The streets here are alive with the sounds – rumbling backhoes, roaring jackhammers, clanging pickaxes – of a town being brought back from the dead.
The 7.9-magnitude earthquake that tore apart Sichuan province in May left the town of Yingxiu in near-silent ruin. Two months later, it is buzzing with activity as soldiers dig trenches for water pipes and temporary housing units rise practically overnight.
It is a remarkable turnaround from a disaster that left nearly 70,000 dead, another 18,000 missing and more than 5 million homeless. As with next month's Olympic Games, the Chinese government pumped money and manpower into earthquake recovery as a matter of national pride and unity.
Knowing their legitimacy rests partly on the ability to deliver in times of crisis, China's communist leadership mobilized 130,000 troops and legions of migrant workers.
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In late May, Premier Wen Jiabao stood on this battered spot and pledged to rebuild quake-hit areas in three years. China set up a $10 billion reconstruction fund – compared with the $40 billion spent on the Olympics – slashing budgets across the board to pay for it.
Survivors throughout the region seem genuinely grateful and say they don't want their suffering to detract from the Olympics. At the entrance to Yingxiu, a red banner strung across a section of crumbled highway reads: “Go Olympics, Go Sichuan, Go Wenchuan.”
Nestled in a valley surrounded by green hills, Yingxiu township in Wenchuan county was right at the quake's epicenter. More than three-quarters of its 12,000 residents perished. With roads cut off, survivors were evacuated by boat or helicopter.
Today, the wrecked shell of the town's high school, where hundreds of students died, serves as a reminder of the losses. An altar at a mass grave is piled high with wreaths and incense.
And aftershocks have continued: Three tremors between 4.9 to 6.0 in magnitude jolted parts of Sichuan and Shaanxi provinces Thursday, killing one and injuring at least 10.
Across the river, the remains of factories, shops and homes rise like matchsticks from the rubble. A slight stench still fills the air, and teams of soldiers constantly spray disinfectant throughout the town.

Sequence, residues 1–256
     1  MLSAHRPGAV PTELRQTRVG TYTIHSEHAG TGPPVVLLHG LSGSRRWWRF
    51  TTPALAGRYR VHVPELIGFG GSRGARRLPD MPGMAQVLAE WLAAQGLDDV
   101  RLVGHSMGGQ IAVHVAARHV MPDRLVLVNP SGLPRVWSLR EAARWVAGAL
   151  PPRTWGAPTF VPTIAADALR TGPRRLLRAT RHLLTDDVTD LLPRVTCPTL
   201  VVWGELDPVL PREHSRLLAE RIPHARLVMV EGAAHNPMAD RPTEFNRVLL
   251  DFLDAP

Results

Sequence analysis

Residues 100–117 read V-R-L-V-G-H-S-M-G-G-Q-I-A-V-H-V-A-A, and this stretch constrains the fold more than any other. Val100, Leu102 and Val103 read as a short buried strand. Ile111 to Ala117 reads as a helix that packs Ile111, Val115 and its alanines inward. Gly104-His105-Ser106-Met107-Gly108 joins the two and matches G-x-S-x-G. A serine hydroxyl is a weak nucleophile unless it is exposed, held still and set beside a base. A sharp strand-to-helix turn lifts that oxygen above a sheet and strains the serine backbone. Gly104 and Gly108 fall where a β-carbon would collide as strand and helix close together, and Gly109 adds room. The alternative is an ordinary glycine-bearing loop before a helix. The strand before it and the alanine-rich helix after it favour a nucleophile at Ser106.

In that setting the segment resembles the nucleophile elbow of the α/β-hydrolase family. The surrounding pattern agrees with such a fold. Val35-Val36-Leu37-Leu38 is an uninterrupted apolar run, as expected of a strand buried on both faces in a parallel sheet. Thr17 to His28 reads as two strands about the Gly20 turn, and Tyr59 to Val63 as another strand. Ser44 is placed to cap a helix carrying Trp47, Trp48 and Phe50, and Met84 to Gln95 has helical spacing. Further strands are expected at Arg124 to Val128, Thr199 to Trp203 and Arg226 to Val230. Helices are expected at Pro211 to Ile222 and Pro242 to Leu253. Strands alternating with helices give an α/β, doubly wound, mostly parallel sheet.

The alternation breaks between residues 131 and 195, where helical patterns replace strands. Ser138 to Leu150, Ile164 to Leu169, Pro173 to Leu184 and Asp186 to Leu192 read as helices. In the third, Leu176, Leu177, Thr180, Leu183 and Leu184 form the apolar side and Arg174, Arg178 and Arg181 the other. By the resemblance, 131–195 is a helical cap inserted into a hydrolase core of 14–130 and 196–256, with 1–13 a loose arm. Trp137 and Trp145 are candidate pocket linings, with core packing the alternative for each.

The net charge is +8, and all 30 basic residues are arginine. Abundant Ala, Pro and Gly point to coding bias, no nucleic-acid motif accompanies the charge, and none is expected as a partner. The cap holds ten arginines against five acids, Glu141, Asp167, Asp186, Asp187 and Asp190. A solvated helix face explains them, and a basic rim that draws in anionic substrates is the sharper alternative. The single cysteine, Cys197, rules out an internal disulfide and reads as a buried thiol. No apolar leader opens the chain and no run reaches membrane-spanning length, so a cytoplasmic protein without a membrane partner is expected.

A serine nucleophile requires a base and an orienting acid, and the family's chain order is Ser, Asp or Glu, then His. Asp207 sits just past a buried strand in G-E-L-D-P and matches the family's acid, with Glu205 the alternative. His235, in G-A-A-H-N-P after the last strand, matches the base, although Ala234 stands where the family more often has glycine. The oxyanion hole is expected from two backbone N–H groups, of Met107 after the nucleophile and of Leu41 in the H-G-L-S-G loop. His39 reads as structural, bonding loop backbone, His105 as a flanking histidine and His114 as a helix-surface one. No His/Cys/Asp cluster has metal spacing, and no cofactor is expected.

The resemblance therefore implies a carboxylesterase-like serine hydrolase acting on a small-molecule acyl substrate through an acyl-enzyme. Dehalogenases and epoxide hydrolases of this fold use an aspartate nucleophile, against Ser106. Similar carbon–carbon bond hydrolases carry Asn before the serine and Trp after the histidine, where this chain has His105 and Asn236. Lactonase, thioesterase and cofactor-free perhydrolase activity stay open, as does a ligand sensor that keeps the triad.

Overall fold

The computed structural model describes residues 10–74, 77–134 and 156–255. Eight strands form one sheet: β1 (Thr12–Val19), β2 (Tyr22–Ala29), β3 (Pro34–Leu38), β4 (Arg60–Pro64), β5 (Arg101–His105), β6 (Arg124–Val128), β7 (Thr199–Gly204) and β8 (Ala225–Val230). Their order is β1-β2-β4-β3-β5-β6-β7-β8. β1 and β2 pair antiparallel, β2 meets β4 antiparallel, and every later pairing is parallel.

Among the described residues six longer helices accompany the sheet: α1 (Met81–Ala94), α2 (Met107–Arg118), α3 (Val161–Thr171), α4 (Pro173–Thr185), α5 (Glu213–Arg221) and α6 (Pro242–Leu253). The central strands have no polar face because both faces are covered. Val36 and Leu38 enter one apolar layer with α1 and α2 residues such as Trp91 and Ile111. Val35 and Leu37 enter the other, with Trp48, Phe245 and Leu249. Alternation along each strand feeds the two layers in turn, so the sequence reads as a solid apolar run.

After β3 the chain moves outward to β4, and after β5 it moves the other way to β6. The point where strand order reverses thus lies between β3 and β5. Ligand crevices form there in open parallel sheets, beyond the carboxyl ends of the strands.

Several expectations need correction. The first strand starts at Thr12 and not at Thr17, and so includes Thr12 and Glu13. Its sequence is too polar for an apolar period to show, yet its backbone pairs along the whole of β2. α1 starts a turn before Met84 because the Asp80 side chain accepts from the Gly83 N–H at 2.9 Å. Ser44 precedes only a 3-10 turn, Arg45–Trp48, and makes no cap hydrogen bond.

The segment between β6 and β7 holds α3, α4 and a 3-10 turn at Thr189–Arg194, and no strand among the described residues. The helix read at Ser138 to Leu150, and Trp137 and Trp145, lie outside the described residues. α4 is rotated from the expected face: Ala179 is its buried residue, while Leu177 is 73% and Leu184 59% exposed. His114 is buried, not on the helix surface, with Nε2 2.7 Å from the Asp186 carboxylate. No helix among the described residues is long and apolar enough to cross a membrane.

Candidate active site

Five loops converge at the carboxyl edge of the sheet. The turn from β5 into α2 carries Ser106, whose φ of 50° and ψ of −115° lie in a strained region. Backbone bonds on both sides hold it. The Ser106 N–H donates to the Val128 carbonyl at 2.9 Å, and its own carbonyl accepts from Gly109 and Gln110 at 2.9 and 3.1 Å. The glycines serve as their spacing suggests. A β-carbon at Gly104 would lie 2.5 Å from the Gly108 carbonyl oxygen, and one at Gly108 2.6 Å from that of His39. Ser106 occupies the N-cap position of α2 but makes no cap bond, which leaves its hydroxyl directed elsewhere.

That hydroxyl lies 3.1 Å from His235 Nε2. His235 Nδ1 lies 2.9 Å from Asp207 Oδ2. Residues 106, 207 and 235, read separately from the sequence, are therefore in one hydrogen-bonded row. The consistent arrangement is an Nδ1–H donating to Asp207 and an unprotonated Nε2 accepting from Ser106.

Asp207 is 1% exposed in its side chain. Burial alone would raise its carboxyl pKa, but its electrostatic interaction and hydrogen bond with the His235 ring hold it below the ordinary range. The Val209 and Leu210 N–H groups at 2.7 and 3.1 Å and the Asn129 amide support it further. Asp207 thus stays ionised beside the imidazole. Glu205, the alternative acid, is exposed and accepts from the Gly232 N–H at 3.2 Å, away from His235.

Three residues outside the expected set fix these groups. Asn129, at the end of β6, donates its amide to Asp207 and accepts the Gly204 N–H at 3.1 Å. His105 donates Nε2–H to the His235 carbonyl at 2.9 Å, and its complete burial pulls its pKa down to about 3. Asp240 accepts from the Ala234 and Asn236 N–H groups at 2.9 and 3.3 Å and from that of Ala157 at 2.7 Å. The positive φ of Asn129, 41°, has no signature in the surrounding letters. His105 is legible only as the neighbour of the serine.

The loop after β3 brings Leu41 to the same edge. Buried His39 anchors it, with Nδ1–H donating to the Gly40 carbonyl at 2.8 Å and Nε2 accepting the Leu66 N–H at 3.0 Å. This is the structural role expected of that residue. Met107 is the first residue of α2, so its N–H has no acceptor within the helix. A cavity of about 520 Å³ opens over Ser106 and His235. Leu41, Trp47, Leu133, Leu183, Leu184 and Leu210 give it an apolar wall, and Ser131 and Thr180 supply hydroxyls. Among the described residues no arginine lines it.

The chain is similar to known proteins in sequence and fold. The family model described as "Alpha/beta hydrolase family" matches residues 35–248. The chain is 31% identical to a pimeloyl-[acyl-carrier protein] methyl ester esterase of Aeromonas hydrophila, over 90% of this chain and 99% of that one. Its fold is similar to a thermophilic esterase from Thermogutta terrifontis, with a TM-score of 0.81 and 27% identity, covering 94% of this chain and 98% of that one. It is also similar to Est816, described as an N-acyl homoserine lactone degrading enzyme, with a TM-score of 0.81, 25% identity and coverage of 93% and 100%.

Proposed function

“In the beginning, I felt very heavy-hearted. I was worried. What if no one takes care of us because it's so remote here and transport is so hard? But the soldiers came. I think they've done a good job,” said Liu Shuping, a 53-year-old steel worker who cradled his granddaughter in his arms. His wife and daughter survived, but his son-in-law did not.
An influx of 2,000 soldiers and another 1,500 construction workers from southern Guangdong province ensured fast construction of barracks-style housing, said Xu Hongjun, the town's Communist Party deputy secretary.
In the quake-hit city of Dujiangyan, T-shirts with “Go China” on the front and the Olympic torch on the back flew off the racks in the weeks after the quake, said shopkeeper Qin Ye, 26.
At a temporary settlement outside Dujiangyan, earthquake survivor He Zichun, 39, recalled how he celebrated with friends in the street when Beijing was named host of this year's Olympics.
“I support the government and I support the Olympics,” he said, sporting a pair of shorts with the Olympic rings logo.
“Though they invested a lot there, they also helped us. These games are a matter of national pride for us.”
The Olympic torch was scheduled to pass through Sichuan in mid-June, but it was rerouted after the earthquake. Now, Sichuan will be the final stop for the torch before it returns to Beijing for the opening of the Olympics on Aug. 8.